Last year when we gathered, we were specifically contemplating the situation in Ukraine which we hoped would resolve.  This year, fighting continues in that part of the world, and a new war has hit Israel and Palestine, after the acts of terror inflicted by Hamas on Israel.  Once again, civilians are caught in the middle, and the toll on populations is incalculable.

And there are countless other simmering conflicts that don’t even make the headlines any longer, partly because we have grown bored and inured to the resulting suffering, or simply because they do not affect our life at all.

And yet, these wars continue to affect human beings like you and me, people who one moment had a life, aspirations, hopes for the future, and were looking forward to living a productive life in peace and raising a family.  And who were suddenly plunged into grief, violence, hopelessness, despair, and perpetual uncertainty.

And yet, even in the midst of the darkest of darkness, there is always a glimmering light, piercing through, rekindling hope in humanity.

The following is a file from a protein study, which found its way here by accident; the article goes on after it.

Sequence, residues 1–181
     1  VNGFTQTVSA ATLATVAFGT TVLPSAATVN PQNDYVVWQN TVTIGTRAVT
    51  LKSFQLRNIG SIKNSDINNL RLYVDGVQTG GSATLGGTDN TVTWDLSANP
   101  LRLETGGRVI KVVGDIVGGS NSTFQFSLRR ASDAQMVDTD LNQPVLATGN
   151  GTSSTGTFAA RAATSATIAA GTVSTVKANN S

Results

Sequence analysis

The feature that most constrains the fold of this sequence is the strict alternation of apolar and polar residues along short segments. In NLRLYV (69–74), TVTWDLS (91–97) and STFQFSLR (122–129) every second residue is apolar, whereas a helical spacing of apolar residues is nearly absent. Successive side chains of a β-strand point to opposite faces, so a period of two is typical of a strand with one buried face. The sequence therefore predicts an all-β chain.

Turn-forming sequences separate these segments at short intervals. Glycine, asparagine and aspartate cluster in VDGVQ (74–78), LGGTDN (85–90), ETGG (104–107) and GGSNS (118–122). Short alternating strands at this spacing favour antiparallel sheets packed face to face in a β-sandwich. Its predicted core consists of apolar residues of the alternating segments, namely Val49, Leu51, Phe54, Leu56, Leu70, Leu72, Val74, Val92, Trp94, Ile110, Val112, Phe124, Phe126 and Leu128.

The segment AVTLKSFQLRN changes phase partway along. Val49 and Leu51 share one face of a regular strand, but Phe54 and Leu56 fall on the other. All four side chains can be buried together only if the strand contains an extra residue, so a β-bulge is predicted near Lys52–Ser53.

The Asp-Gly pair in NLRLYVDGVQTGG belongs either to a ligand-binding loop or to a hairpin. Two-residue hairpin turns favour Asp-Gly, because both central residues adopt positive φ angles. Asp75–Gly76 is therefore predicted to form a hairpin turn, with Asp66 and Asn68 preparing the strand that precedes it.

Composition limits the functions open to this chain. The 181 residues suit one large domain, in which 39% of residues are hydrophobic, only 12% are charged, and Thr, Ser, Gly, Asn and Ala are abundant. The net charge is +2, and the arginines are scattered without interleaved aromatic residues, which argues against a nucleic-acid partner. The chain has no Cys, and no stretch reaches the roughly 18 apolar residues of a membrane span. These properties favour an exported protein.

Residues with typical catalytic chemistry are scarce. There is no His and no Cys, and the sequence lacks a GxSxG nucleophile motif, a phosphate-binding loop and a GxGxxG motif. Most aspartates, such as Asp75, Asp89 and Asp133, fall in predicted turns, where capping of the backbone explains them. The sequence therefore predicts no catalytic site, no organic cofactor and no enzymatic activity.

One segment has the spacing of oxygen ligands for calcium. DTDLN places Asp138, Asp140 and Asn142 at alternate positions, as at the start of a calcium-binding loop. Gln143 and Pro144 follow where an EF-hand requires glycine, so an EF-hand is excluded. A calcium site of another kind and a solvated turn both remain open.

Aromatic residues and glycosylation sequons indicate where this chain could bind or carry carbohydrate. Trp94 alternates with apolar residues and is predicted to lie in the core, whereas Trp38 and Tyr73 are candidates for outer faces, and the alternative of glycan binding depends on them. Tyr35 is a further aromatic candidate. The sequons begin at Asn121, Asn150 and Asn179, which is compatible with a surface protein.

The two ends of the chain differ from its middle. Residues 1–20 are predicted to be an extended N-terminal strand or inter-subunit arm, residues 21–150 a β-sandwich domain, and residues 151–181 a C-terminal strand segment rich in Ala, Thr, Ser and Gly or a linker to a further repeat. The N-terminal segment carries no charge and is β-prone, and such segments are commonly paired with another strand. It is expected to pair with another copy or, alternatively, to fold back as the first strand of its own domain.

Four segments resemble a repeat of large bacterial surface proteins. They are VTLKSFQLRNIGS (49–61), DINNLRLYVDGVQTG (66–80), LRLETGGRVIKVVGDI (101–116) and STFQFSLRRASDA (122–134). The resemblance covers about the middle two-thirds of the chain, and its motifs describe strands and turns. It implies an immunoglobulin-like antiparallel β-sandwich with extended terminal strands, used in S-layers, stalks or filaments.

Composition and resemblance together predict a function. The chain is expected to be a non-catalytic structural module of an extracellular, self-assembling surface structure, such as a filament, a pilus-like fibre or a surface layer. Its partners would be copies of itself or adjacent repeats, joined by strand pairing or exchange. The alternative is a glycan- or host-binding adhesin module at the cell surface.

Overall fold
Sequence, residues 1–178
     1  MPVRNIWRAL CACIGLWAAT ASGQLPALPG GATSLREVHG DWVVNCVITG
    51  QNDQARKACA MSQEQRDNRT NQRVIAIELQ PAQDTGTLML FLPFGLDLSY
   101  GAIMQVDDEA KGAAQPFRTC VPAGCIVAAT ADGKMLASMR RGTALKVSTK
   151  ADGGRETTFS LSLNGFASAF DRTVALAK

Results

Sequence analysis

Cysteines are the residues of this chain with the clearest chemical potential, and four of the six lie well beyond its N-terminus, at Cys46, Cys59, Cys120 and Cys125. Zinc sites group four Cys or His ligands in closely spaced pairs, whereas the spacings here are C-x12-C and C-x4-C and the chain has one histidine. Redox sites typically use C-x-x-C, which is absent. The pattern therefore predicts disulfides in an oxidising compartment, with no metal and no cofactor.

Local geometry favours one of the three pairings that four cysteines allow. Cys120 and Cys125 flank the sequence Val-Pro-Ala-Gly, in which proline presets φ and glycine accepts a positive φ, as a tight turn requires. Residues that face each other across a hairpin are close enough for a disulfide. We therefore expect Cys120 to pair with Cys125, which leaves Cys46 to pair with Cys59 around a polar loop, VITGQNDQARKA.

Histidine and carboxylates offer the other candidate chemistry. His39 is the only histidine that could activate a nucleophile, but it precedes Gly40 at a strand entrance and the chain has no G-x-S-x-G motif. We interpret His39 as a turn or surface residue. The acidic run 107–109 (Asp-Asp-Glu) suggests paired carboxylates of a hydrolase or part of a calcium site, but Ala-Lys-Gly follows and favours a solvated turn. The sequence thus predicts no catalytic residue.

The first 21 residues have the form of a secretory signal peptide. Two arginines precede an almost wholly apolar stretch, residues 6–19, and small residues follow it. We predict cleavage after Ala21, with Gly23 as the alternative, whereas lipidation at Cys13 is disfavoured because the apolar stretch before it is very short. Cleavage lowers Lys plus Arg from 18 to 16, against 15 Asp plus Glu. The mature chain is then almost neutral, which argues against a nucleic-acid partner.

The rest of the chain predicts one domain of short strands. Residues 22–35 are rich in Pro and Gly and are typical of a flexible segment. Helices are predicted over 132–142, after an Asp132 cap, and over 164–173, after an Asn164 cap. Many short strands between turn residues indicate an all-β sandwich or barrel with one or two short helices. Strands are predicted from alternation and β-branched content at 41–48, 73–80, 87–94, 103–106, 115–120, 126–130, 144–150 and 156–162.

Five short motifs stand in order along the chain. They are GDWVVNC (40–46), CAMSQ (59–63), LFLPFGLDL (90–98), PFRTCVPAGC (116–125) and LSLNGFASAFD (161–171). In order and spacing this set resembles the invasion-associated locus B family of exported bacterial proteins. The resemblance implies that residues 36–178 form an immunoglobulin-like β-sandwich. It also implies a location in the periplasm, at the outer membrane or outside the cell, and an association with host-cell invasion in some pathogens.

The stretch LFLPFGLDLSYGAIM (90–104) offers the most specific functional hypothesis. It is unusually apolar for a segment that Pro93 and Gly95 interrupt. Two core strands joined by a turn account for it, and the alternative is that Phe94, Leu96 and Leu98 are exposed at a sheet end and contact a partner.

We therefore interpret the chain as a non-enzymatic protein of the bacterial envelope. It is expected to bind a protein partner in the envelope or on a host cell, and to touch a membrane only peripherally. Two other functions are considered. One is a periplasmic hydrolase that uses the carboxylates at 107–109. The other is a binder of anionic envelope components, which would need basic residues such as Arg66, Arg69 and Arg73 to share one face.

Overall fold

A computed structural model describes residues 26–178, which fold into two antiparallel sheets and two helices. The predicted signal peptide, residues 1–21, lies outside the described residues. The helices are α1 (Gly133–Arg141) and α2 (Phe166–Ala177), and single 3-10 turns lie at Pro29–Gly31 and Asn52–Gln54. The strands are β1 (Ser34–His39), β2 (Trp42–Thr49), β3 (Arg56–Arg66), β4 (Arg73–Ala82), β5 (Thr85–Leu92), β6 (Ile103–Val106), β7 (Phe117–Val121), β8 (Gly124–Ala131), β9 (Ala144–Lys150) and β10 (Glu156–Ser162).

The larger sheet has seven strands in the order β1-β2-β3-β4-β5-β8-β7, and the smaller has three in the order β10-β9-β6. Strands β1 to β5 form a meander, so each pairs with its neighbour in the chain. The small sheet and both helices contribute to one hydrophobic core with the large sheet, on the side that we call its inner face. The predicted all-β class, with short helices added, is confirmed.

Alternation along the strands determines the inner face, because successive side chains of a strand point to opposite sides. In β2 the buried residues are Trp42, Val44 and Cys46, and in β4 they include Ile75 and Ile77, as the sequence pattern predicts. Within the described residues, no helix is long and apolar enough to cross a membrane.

The extract of the letter of Capt. Bellenden S. Hutcheson reminded us both of the pointlessness of war, the particular horrors of trench life in Northern France during WW1, and the values of courage and dedication of those who, despite the danger to themselves, carried on to try and save desperate victims in apocalyptic environments.

His story mirrors that of the Canadian Grenadier Guards’ own Pte John Francis Young, also awarded the Victoria Cross, for similar selfless service on the Dury-Arras sector.

In his citation, the King wrote:   Pte. Young, in spite of the complete absence of cover, without the least hesitation went out, and in the open fire-swept ground dressed the wounded. Having exhausted his stock of dressings, on more than one occasion he returned, under intense fire, to his company headquarters for a further supply. This work he continued for over an hour, displaying throughout the most absolute fearlessness.

The Christian tradition, like most religious faith, encourages us to go beyond ourselves, to work for the greater good, to put the interest of others before our own.  This is the message that Jesus – when he was teaching, preaching, and healing in Palestine over 2000 years ago – was trying to share with those who would listen to him.

He summarised God’s most earnest desire for us: that we should love God, and love those around us as ourselves.

This summary recognises the most ancient of wisdom that it is only where there is true love that peace and justice can thrive.